I read an article this morning about what parents can learn from children’s shows. Obviously, this is something I talk about myself regularly. But one of the specific examples was about Coco, and it started a conversation between me and our own Anthony Pizzo about parenting in Disney movies. (This would probably be the time to mention that, yes, a lot of my Byways columns are hashed out behind the scenes with Anthony. Why wouldn’t I?) Because, yes, the moment where Mamá Imelda (Alanna Ubach) smashes the guitar that clearly means everything to Miguel (Anthony Gonzalez) is a moment of terrible parenting. (No, she’s not his parent, but she’s acting as one in that moment.) And she knows it, and it’s a thing Disney has dabbled in—and, yes, Coco is Pixar and that’s why we’re moving on!
Probably the most noteworthy example from my own childhood was in The Little Mermaid. King Triton (Kenneth Mars) decides that the way to get his daughter to respect and obey him is to destroy everything she cares about. And you can see that he immediately regrets what he’s done. It’s a subtle piece of animation, honestly. But it’s too late, and the damage is done, and it’s obvious that she’s not going to forgive him right away. And you know, he’s actually right to give her a little bit of space in that moment, and it’s not his fault that agents of his greatest enemy happen to be waiting to swoop in and take advantage of the moment.
In fact, one of the things I quite like is that the difference between parents we’re supposed to approve of and parents we’re not is that the parents we’re supposed to approve of realize their mistakes. It’s not that they don’t make them. There is no such thing as parents who don’t make mistakes. The only parents who don’t make mistakes are the dead or absent ones. And as long as there have been Disney parents, there have been Disney parents making mistakes.
Yes, the first Disney parent was an evil stepparent, and that gets a bit beyond “mistake.” But their second feature gave us Gepetto, and I’ve talked about how bad his parenting of his little wooden son was. And that was all mistakes; he clearly didn’t want to screw up, but he wasn’t ready to parent and it shows. The parents in older films are more likely to make no mistakes that we can see, but even the first time we’ve got a parent who genuinely cares about their child, it was clear that it’s possible, even easy, to screw it up.
Okay, so I’m not sure Gepetto ever quite realizes that he made a mistake in not just, you know, walking Pinocchio to his first day of school. And that’s one where you feel sorry for the teacher if Pinocchio had actually made it there. But even in the ’50s, you get King Hubert (Bill Thompson) delivering an ultimatum to his son with, well, pretty much exactly the same result Triton got. So Disney’s been teaching us for over sixty years now that it doesn’t work out when you do that? And we know Hubert realizes his mistake because he tries to tell King Stefan (Taylor Holmes) about it.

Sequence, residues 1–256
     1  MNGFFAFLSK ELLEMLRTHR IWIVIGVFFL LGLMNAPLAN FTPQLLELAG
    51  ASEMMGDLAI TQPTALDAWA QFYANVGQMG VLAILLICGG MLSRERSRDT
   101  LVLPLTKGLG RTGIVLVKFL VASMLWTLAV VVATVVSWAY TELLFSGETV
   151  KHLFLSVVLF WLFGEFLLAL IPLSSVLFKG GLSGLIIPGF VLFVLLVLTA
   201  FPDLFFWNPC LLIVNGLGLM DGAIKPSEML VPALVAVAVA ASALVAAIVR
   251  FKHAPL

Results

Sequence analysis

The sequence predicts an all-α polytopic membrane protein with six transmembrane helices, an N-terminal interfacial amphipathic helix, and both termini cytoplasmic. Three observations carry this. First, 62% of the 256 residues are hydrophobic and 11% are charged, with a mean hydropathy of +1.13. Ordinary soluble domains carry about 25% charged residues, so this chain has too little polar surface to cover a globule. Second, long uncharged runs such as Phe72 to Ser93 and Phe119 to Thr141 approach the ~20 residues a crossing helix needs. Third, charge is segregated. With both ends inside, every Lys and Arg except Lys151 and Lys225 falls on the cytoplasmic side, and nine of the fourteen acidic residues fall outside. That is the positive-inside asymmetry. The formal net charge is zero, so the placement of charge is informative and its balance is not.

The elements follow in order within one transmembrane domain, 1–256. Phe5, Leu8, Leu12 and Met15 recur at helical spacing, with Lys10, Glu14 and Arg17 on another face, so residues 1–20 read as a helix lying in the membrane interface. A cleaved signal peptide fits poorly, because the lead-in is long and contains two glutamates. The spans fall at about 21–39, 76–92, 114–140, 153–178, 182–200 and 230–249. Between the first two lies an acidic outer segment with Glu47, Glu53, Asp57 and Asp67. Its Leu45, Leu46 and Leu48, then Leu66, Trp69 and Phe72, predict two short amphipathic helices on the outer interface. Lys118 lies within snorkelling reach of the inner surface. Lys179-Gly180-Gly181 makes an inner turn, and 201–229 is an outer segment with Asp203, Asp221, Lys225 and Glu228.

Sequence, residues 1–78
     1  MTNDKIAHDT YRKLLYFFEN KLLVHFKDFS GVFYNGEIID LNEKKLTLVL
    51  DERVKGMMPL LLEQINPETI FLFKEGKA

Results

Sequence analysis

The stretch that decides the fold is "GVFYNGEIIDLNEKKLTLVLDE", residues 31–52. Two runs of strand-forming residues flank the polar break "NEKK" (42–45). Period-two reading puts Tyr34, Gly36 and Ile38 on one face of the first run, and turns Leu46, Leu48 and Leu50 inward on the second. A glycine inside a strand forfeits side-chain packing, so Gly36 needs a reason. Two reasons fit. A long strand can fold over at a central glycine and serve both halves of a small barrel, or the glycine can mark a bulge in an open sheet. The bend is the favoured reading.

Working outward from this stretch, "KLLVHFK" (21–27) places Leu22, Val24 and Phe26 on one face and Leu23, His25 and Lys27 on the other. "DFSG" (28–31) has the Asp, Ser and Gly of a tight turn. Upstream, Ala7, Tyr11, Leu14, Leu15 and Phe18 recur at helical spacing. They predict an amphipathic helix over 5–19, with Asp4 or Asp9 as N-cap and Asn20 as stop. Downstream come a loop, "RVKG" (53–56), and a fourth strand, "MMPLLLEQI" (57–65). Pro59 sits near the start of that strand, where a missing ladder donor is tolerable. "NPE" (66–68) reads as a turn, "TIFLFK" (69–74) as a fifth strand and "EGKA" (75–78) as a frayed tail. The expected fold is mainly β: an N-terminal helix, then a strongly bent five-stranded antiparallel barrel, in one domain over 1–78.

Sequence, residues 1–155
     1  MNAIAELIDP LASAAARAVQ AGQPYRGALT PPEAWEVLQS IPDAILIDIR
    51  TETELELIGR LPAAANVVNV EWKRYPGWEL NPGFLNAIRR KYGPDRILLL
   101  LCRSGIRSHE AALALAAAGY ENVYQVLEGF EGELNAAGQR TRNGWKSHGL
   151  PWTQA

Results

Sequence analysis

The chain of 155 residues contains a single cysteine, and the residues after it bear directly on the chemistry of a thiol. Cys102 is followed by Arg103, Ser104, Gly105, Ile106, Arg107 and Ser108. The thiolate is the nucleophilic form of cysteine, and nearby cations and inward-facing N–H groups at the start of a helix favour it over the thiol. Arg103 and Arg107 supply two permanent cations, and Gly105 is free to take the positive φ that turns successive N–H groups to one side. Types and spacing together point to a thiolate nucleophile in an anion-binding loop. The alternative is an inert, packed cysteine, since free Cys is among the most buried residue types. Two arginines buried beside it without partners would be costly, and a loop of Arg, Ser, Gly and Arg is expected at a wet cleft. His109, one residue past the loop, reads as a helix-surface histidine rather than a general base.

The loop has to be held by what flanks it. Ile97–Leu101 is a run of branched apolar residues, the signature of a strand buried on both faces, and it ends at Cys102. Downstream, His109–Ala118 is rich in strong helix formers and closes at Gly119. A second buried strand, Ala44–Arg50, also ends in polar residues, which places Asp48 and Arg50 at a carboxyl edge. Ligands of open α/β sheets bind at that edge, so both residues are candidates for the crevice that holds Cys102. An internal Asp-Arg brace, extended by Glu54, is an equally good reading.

Oh, I also have quite the rant about how the parents in the Frozen movies are setting Elsa (Idinia Menzel) up for failure by isolating her from her feelings instead of teaching her how to work through them. Every time she feels emotion, she then adds terror to it because feeling emotion is automatically losing control. And they never live to learn how much they’ve damaged their daughter by it—and how much they’re damaging Anna (Kristen Bell) by locking her in the palace without socialization. It’s the worst non-evil parenting in the Disney canon, if you want my opinion.
Yes, worse is Mother Gothel (Donna Murphy), who fits all the warning signs of gaslighting, and that’s just for starters. For one, at least Anna and Elsa’s parents think they’re benefiting Elsa, not just themselves. But she’s in the villain category, and I genuinely like that bad parenting isn’t exclusive to the villain category. No, not parenting that bad, but imperfect parenting, at the very least. You get the occasional Mrs. Jumbo (Verna Felton), but by and large, Disney parents aren’t saints. And even Mrs. Jumbo lost her temper.
Honestly, if you tell me that you’ve never doubted your own parenting—and you’re a parent or parental figure—I’ll go ahead and doubt it for you. Parenting should be humbling, because the responsibility is immense. In the last year, I think a lot of us have become ever more aware of exactly how immense our responsibilities toward our children are as we spend so much time with them. One of the things Disney movies do that I think is underrated is sometimes show that, yes, you can make mistakes with all the best intentions in the world, and what matters is where you go from there. If it’s an elaborate musical number, maybe you’re not the good parent.